Family and Human Development, MS


Whether you wish to prepare for a rewarding human services career or enhance the one you have, you can do so with this program. Deepen your understanding of families, individuals, relationships and yourself. Enjoy a customizable culminating experience that focuses your training in an area that interests you.


Program Description

Degree Awarded: MS Family and Human Development

The MS program in family and human development provides practitioner-oriented professionals with an understanding of relationships and developmental dynamics.

Students learn how to effectively evaluate and consume research, translate research into best practices, and apply these principles at work. They gain knowledge and skills necessary for promoting healthy individual and family development as they study the factors that promote successful relationships and positive outcomes for individuals, families and communities across the lifespan.

The online format provides easy access to rigorous and valuable information that informs best practices in improving the lives of families and family members. The program also includes a customizable culminating experience that allows students to focus their training in their areas of interest and work.



Curriculum

The Online Master's in Family and Human Development requires a total of 30 credit hours. Each course in the Family and Human Development MS program is designed and taught by experienced faculty who are trained in the area and have considerable expertise in delivering high-quality online education. Fall and Spring courses are 7.5 weeks long and summer courses are 6 weeks long.

A minimum of 30 hours is required.

Requirements and Electives Hours
Core courses 9
Research 3
Other Requirements 15
Culminating Experience 3
Total 30


Courses and electives

Learn more about the courses you must take within the Sanford School to complete the master's degree, including when those courses are offered. Note that most courses are offered just one time per year, making it important for students to carefully follow an approved course plan and work closely with the program's academic advisor.



At a Glance: program details

  • Location: online
  • Additional Program Fee: No
  • Second Language Requirement: No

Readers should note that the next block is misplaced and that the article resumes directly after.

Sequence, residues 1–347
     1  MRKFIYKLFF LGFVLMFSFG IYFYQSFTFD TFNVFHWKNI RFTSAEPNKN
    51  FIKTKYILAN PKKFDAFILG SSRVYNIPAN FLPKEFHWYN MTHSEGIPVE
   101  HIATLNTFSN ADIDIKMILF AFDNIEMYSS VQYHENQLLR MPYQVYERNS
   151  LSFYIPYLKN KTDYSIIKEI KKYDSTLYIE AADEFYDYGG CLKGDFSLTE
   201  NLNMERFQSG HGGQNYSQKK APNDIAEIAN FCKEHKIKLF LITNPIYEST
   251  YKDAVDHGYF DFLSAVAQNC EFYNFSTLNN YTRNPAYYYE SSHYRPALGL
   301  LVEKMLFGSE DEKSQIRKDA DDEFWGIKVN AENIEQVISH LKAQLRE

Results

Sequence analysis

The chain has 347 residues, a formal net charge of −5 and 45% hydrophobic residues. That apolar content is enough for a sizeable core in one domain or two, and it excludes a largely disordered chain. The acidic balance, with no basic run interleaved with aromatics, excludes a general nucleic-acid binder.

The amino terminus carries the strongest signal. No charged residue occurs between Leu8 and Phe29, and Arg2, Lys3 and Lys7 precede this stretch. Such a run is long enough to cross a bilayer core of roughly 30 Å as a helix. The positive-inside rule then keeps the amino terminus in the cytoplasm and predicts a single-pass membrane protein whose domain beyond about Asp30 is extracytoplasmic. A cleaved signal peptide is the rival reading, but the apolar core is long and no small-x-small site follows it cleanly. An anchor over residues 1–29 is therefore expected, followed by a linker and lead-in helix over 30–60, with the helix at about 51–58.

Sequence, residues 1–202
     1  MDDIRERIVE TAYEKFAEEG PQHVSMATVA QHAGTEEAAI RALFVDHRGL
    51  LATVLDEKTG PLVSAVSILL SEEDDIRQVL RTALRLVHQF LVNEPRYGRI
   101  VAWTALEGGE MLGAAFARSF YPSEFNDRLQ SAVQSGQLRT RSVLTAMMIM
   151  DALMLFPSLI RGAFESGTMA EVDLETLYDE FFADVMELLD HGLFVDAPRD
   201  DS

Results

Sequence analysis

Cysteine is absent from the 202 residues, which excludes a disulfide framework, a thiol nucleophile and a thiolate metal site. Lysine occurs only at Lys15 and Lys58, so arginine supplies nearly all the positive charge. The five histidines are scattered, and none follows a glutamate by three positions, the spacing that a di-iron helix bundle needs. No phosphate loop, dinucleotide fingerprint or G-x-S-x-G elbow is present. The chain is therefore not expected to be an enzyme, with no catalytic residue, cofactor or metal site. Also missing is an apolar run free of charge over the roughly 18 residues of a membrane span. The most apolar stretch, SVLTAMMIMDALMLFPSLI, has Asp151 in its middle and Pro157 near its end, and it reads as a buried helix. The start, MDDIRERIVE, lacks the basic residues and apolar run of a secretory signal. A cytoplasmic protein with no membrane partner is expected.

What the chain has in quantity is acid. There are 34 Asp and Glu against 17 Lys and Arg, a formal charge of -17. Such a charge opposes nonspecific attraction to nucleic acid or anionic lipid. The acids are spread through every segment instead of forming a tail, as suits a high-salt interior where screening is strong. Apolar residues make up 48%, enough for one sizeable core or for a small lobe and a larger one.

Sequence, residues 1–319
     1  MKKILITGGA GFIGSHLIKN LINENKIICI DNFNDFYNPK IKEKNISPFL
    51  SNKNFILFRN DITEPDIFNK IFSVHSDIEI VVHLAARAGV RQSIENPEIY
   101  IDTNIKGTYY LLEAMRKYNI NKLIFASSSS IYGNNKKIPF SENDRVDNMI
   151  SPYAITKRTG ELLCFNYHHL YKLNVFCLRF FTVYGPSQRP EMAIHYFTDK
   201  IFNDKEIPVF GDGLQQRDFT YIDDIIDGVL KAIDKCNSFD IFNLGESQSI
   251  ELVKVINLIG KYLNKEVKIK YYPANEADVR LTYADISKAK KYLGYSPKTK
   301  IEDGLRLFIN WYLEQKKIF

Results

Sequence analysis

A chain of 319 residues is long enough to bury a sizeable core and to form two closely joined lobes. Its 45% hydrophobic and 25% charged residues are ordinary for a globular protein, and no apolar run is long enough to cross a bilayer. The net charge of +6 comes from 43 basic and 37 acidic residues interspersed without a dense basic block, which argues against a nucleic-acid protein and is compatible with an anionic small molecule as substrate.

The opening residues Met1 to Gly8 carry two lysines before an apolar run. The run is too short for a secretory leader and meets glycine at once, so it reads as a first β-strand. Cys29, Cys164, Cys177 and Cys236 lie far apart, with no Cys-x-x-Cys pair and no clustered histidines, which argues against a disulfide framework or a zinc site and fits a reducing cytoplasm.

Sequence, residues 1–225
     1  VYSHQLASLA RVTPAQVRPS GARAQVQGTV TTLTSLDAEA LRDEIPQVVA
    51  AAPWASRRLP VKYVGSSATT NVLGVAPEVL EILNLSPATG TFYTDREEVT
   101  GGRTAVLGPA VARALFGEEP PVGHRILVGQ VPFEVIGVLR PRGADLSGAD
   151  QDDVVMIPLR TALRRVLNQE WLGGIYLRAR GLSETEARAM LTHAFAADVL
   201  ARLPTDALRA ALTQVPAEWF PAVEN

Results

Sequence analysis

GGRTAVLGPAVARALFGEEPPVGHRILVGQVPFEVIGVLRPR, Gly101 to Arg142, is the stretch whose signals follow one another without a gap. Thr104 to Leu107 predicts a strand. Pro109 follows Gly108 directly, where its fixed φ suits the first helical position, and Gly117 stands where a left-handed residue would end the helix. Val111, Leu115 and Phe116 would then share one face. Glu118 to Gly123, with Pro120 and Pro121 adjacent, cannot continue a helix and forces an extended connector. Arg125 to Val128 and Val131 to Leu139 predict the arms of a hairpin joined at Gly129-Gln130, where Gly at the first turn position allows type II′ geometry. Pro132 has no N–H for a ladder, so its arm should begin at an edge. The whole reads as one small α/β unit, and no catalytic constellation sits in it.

Degree Requirements

Required Core (9 credit hours)
CDE 531 Theoretical Issues in Child Development (3)
FAS 586 or SOC 586 Capstone I (3)
FAS 587 or SOC 587 Capstone II (3)

Electives or Research (18 credit hours)
FAS 500 Research Methods (3)
CDE 501 Social Statistics (3)
diversity course (3)
other elective coursework (9)

Culminating Experience (3 credit hours)
FAS 588 Capstone III (3)

Additional Curriculum Information
Students complete the coursework and culminating experience courses in consultation with the assigned faculty advisor. The plan of study should be completed and approved by the faculty advisor once completing 50% of the minimum required credit hours for the degree. Acceptance of the proposed plan of study must be verified by the signature of the chair and faculty advisor. After approval from the program or college, the plan of study is submitted to the Graduate College for final approval.

FAS 500 and CDE 501 may be replaced by equivalent courses with approval by the academic advisor.

The diversity course and other elective coursework are chosen with approval by the academic advisor. The remaining elective credits must be from the FAS, CDE or SOC prefixes.




Admission Requirements

Applicants must fulfill the requirements of both the Graduate College and The College of Liberal Arts and Sciences.

Applicants are eligible to apply to the program if they have earned a bachelor's or master's degree, in any field, from a regionally accredited institution.

Applicants must have a minimum cumulative GPA of 3.00 (scale is 4.00= "A") in the last 60 hours of their first bachelor's degree program, or applicants must have a minimum cumulative GPA of 3.00 (scale is 4.00 = "A") in an applicable master's degree program.

All applicants must submit:

  1. graduate admission application and application fee
  2. official transcripts of all undergraduate and graduate coursework
  3. current resume or curriculum vitae
  4. personal statement of goals relevant to the master's degree program
  5. two letters of recommendation from professional or academic backgrounds
  6. proof of English proficiency

Additional Application Information
An applicant whose native language is not English must provide proof of English proficiency regardless of current residency.

The personal statement must be four to five pages, double-spaced, and must address the applicant's professional goals, the applicant's strengths that will enable the applicant to succeed in the program, and relevant professional experience or responsibilities to the program.